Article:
Installing Float-Bag Lacing

-- Last Updated: Jan-28-06 8:45 PM EST --

Some time this spring I think I'll install lacing and anchor points for end bags in at least one canoe, perhaps two. Lace-up kits that I've seen for sale have included eyelets that get fastened to the underside of the gunwales with screws or rivets, but most lacing jobs I've seen have been laced through holes drilled in the hull (in this case the hull is Royalex).

Which method is better? It seems to me that drilling holes in the gunwales for eyelet mounting would create weak spots to a greater degree than drilling the hull, since the hull contributes very little stiffness against side impacts in that area in comparison to the gunwales. I'm also thinking that if I drilled the hull, I might install a permenant zig-zag stitching, either with loops, or maybe just stitch it a bit on the loose side, so that the main lacing would be quick and easy to install or remove (seems like it would be a lot easier to thread the lacing under loops of cord along the hull than to thread it through those tiny holes each and every time).

Comments? Thanks!

Good hardware

– Last Updated: Jan-28-06 9:02 PM EST –

I've used this Northwater lace kit twice and like it a lot. It comes with plenty of d-rings and eyes. I like these eyes because they are not the little tiny ones. They are big and quick to lace.

As for installed hardware, here's my thinking thinking (This is theory only. I don't claim to be an expert in in collapsed gunnels, or anything else).

If you think about the physics of an arch (the side of a canoe along the gunnels), it seems to me that the holes drilled and filled with screws along the inwale is not going to present a problem. If the pressure ever gets to the point of stressing on those drilled holes on the inside of the gunnel, the arch has already collapsed and your pretty much screwed anyway.

Once the arch has collapsed, the main pressure on the inwale at the screw points will be compression, which would not be weakened by the presence of screws.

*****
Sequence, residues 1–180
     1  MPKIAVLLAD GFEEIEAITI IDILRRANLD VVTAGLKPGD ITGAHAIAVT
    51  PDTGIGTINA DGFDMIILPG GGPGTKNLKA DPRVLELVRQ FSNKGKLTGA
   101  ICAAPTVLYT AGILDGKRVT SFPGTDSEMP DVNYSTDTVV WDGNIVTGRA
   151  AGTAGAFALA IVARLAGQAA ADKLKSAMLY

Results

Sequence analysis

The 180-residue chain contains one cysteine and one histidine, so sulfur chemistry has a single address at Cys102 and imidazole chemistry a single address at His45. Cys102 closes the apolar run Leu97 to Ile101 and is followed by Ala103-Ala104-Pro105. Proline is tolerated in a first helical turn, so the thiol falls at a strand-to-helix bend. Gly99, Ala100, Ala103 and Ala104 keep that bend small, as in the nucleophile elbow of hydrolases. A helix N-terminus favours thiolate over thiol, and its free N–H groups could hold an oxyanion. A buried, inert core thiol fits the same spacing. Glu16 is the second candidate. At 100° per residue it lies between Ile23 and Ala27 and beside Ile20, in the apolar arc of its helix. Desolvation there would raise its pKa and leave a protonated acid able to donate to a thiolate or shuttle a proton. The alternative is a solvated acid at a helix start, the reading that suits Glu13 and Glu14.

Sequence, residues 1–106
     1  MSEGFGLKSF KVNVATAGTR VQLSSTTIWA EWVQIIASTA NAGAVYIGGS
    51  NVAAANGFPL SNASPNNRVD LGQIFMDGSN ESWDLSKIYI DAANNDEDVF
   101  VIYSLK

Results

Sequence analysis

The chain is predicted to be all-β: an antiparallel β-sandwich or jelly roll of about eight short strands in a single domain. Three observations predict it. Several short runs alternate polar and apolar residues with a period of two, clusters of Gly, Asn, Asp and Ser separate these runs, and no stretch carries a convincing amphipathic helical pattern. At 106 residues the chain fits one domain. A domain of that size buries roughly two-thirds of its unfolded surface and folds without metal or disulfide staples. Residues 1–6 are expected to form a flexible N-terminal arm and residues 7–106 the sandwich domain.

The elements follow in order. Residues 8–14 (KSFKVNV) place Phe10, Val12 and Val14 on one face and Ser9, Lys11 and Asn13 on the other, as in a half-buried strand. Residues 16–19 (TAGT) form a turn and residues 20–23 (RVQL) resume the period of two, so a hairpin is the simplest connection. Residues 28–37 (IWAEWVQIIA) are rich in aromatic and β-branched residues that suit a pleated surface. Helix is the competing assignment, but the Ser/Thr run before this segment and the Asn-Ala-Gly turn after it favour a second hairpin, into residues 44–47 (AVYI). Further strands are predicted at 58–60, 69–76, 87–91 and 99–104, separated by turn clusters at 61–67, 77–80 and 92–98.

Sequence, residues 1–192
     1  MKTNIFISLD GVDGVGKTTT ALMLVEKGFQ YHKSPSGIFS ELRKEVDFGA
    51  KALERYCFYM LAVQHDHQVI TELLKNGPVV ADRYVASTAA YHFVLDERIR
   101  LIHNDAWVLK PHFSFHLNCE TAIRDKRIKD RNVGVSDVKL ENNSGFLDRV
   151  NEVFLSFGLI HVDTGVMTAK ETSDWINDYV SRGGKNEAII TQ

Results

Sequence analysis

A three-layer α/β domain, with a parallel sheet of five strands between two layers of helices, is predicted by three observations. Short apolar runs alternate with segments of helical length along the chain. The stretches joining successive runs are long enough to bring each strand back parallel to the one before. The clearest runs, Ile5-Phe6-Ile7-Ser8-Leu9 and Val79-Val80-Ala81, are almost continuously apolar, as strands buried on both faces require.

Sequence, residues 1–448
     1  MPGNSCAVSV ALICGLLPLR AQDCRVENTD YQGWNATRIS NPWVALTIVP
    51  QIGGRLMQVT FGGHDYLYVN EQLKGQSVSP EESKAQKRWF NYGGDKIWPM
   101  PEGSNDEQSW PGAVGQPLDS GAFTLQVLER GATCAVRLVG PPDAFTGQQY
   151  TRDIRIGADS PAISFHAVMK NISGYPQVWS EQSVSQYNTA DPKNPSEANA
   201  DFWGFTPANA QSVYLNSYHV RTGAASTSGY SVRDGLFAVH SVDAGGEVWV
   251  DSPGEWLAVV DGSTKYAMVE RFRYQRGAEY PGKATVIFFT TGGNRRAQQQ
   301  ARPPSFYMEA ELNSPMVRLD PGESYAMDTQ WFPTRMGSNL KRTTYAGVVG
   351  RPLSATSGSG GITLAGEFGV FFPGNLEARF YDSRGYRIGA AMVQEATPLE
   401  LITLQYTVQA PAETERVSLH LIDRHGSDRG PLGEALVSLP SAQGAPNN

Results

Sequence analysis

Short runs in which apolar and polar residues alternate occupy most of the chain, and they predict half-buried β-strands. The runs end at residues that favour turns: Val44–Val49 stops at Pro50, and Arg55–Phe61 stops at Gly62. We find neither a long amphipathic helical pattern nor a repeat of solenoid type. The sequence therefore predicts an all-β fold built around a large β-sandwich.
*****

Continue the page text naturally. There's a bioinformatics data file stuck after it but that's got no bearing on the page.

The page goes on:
Anybody have a better theory? Or better, practical experience with gunnel failure at screw points?

I have WW boats set up both ways- lacing going thru holes in the hull, and under-gunnel eyelets.

both have held up equally well.

If you want to remove the flotation occaisionally, you might want to try a float bra:

All 3
All 4 of the whitewater canoes(1 Dagger, 2 Mohawks, 1 Mad River)I’ve owned had lace kits installed using holes drilled through the hull. On 3 of them I did the drill work; 1 was custom outfitted by Mohawk. None were ever a problem. The 3 older boats I no longer have, but they are now being used by either their 2nd or 3rd owner.

Besides the lace kit; I typically install a nylon strap running from the bow/stern of the

boat to an anchor installed on the hull, at the center of the widest part of the airbag.


I drill the hull. It goes faster than
installing eyelets. I would be OK about eyelets in vinyl gunwales, but not in ash. Any drilling to the inside of ash gunwales is going to risk splitting under an outside impact.

Unless you like gagits and tinkering

– Last Updated: Jan-29-06 7:30 AM EST –

for tinkerings sake, just drill the hull. It is easier, cheaper, and stronger. Fewer parts mean fewer failures. K.I.S.S.


either way
I’ve done both. Both work fine. I’ve come to prefer the rivets and “cable clamps,” partly because I still think it’s fun to use a rivet gun - that’s some clever engineering.